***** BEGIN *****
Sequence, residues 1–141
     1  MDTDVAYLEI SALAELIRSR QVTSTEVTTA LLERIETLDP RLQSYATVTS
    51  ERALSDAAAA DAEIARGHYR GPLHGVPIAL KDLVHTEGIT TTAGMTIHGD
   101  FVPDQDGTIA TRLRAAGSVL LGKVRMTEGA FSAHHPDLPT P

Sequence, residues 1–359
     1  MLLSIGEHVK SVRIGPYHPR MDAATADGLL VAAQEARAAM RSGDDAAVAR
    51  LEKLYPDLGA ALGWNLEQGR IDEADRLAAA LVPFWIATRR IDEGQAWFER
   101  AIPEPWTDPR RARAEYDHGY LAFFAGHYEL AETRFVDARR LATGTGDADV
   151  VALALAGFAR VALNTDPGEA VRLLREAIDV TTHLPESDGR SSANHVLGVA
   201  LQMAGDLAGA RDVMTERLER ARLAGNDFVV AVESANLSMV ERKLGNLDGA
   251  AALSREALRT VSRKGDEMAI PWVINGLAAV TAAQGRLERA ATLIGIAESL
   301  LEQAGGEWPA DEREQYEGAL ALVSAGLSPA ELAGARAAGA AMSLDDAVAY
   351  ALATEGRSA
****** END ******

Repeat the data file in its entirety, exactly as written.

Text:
Sequence, residues 1–141
     1  MDTDVAYLEI SALAELIRSR QVTSTEVTTA LLERIETLDP RLQSYATVTS
    51  ERALSDAAAA DAEIARGHYR GPLHGVPIAL KDLVHTEGIT TTAGMTIHGD
   101  FVPDQDGTIA TRLRAAGSVL LGKVRMTEGA FSAHHPDLPT P

Sequence, residues 1–359
     1  MLLSIGEHVK SVRIGPYHPR MDAATADGLL VAAQEARAAM RSGDDAAVAR
    51  LEKLYPDLGA ALGWNLEQGR IDEADRLAAA LVPFWIATRR IDEGQAWFER
   101  AIPEPWTDPR RARAEYDHGY LAFFAGHYEL AETRFVDARR LATGTGDADV
   151  VALALAGFAR VALNTDPGEA VRLLREAIDV TTHLPESDGR SSANHVLGVA
   201  LQMAGDLAGA RDVMTERLER ARLAGNDFVV AVESANLSMV ERKLGNLDGA
   251  AALSREALRT VSRKGDEMAI PWVINGLAAV TAAQGRLERA ATLIGIAESL
   301  LEQAGGEWPA DEREQYEGAL ALVSAGLSPA ELAGARAAGA AMSLDDAVAY
   351  ALATEGRSA